The NYPD has the most employees seeking an exemption to Mayor Bill de Blasio’s COVID-19 vaccination mandate for New York City public workers. According to city data released Friday, the police department has 6,170 employees -- or 11% percent of its 52,100 employees recorded in October -- requesting religious or medical accommodation.

All city employees who are applying for an exemption to the mandate, which went into effect October 29th, are allowed to continue working until their application is approved or denied. They must submit a weekly COVID test during this time.

Citywide, there are about 14,400 employees applying for a religious or medical accommodation out of 378,000 total employees.

The New York City Fire Department (FDNY) ranks second in overall exemption requests, with 1,850 employees or 10% of its 17,787 employees applying for accommodation. The Department of Sanitation had the highest percentage of its staff asking for an exemption, with 1,310 requests or 12% of its 10,295 employees.

City officials agreed to requests from labor unions to extend the application deadline for exemptions through November 5th. They announced a deal with 15 labor groups, including unions representing sanitation workers but not ones for police officers or firefighters. According to guidance from the Department of Citywide Administrative Services, all applications for exemptions should be ruled on within seven days of submission.

De Blasio said he believed the mandate was working, pointing to the increase in FDNY employees who have received their first dose since the policy went into effect. The vaccination rate has risen from 60% to 87% among the fire department since the mayor announced the requirement.

“A number of the folks who requested accommodation, if they don't get it, if they exhaust the appeals, (and) don't get it, a lot of them are going to get vaccinated,” he said Friday on the Brian Lehrer show.

When asked for comment on the number of employees seeking exemptions, the NYPD press office referred to comments Police Commissioner Dermot Shea made Tuesday on NY1 saying he believes his employees will get vaccinated if they cannot get an exemption.

“If decisions are made to reject some of the reasonable accommodations, I anticipate that a number of those people will get the shots,” Shea said.

“We respect everyone’s right to go through the Reasonable Accommodation process and have their medical or religious concerns evaluated by the appropriate entities,” said Joshua Goodman, assistant commissioner for DSNY's public affairs office, in an emailed statement Saturday. “We have seen a huge increase in the vaccination rate at DSNY over the last three weeks as thousands of Sanitation employees have stepped up to keep their communities safe and end the pandemic once and for all.”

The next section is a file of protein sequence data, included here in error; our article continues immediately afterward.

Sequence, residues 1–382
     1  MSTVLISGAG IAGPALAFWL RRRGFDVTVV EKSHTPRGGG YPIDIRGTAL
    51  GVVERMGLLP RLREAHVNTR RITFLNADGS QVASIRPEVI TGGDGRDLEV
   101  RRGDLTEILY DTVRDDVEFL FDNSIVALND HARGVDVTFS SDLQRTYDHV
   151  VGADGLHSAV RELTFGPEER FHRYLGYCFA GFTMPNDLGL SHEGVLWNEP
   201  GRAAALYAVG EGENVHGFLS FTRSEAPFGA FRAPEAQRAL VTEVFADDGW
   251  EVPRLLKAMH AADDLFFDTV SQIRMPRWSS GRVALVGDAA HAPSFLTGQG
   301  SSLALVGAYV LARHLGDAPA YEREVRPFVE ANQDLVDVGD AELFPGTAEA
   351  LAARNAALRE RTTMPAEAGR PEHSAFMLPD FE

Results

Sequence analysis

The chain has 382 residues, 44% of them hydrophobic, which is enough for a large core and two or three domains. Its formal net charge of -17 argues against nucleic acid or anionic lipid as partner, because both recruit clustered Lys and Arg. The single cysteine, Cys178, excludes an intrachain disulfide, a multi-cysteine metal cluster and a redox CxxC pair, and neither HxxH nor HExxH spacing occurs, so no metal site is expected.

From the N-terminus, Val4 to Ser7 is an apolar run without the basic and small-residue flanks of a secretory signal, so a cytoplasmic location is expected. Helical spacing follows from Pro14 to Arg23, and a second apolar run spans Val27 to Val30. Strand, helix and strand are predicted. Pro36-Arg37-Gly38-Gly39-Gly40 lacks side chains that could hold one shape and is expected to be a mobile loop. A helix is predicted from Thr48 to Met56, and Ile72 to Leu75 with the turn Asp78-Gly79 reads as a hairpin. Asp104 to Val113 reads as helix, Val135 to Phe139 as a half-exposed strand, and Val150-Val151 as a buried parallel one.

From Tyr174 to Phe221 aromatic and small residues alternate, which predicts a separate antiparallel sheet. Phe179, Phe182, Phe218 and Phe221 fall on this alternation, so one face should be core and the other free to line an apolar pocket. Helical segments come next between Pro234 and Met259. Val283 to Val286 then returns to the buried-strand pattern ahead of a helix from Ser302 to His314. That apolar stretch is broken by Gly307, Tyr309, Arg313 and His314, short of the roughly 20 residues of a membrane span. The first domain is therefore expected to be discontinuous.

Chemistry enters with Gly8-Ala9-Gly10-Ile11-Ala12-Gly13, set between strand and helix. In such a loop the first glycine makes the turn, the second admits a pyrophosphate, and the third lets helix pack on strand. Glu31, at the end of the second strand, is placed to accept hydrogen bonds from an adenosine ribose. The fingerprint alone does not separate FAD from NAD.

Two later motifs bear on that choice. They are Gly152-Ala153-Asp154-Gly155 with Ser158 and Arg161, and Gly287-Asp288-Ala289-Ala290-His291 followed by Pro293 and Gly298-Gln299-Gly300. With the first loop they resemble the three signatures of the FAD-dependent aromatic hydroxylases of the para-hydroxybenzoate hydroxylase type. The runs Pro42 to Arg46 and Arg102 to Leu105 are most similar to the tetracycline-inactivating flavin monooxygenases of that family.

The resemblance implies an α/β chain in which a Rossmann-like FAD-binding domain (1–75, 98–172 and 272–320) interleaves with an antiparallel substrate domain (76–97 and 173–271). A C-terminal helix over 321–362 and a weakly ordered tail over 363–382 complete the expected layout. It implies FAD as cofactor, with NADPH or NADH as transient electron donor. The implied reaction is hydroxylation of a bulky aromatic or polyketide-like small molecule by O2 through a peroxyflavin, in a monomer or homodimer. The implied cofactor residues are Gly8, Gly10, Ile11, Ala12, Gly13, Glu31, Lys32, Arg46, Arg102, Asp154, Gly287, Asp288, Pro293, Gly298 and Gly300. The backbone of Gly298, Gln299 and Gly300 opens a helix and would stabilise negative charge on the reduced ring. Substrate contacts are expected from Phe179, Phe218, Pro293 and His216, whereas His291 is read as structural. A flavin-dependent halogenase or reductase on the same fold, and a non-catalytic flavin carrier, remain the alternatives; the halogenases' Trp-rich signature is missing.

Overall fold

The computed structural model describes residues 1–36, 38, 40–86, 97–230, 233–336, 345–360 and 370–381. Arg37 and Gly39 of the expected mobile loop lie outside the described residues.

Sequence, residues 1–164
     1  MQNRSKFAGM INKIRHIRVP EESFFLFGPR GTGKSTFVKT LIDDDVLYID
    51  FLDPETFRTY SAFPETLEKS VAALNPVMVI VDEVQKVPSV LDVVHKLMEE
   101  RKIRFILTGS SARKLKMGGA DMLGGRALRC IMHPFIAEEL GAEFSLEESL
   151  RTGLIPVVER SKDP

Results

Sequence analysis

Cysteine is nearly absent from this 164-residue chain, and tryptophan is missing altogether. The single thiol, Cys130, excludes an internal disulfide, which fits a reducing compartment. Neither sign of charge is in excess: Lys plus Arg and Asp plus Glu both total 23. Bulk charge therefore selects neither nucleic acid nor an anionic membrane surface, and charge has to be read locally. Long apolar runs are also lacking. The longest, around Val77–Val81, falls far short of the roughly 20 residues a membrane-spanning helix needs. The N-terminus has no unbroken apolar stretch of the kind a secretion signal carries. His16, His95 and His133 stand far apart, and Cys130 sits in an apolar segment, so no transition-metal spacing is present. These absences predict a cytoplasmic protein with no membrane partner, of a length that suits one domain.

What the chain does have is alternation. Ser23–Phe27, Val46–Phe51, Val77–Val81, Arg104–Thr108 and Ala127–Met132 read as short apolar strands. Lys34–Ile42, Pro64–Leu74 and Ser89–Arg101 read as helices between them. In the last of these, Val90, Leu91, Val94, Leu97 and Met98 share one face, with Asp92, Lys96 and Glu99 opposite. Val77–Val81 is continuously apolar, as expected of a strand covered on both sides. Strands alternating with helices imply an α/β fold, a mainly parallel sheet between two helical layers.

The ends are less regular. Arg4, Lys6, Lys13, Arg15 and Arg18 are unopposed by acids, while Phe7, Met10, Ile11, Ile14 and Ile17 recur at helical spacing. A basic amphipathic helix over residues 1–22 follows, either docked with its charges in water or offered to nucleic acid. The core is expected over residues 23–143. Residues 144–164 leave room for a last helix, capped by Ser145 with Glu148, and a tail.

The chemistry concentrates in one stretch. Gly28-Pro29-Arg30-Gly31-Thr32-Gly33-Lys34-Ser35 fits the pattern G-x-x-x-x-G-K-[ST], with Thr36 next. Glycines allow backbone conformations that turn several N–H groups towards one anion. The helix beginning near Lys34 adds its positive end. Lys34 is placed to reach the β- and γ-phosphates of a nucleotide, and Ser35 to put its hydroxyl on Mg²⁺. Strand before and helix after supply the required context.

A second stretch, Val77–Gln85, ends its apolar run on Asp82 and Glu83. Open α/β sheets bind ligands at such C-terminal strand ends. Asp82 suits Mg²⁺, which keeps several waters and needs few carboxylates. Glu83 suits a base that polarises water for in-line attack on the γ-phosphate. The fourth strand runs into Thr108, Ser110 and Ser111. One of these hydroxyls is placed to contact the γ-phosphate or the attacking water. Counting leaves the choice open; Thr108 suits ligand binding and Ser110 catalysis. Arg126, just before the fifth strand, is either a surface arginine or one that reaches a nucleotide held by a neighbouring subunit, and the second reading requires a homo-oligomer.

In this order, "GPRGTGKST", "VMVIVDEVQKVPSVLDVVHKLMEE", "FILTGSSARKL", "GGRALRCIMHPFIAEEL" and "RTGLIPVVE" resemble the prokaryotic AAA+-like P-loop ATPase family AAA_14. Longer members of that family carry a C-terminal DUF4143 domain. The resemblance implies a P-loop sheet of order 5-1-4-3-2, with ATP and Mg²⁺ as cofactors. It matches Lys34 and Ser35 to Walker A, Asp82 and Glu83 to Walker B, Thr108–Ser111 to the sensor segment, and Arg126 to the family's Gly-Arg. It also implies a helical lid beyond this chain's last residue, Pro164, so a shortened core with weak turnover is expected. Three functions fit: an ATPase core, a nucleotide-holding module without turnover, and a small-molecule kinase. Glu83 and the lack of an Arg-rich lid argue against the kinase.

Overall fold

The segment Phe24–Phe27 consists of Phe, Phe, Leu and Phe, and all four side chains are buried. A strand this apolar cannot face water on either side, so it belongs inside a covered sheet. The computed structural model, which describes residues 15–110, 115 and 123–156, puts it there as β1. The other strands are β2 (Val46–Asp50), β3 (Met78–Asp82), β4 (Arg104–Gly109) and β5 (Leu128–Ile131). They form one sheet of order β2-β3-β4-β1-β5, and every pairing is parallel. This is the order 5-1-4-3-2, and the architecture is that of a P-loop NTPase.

The FDNY press office said that the vaccination rate for members "continues to increase every day," with 89% of the overall workforce vaccinated, including 86% of firefighters.

"All units are staffed, medical leave has returned to normal levels, response times have not increased, and [the] Department is continuing to respond to all fire/medical calls that come our way," the FDNY press office said in an emailed statement Saturday.

Medical exemption requests are evaluated according to guidance from the Centers for Disease Control and Prevention, while religious exemptions are gauged based on “a sincerely held religious, moral or ethical belief” but not “a request based solely on a personal, political, or philosophical preference,” according to the city’s health department. Each agency’s Equal Opportunity Officers interview applicants to determine if their religious beliefs are sincerely held.

As WNYC/Gothamist previously reported, public employees have two chances at an exemption. If their initial application is denied, they can appeal the determination to a city panel or an arbitrator. The city panels are composed of members of the Law Department, Department of Citywide Administrative Services and either the Department of Health and Mental Hygiene or the Human Rights commission, depending on whether the request is a medical or religious exemption. The decisions made on appeal are final, and city officials said they would issue all rulings by November 25th.

As of Friday, the Department of Corrections continues to have the lowest vaccination coverage. It had 63% of its 10,777 employees vaccinated with at least one dose and 270 employees had requested an exemption. The DOC has received an extended December 1st vaccination deadline for its uniformed correctional officers working inside the city’s jails because of staffing shortages.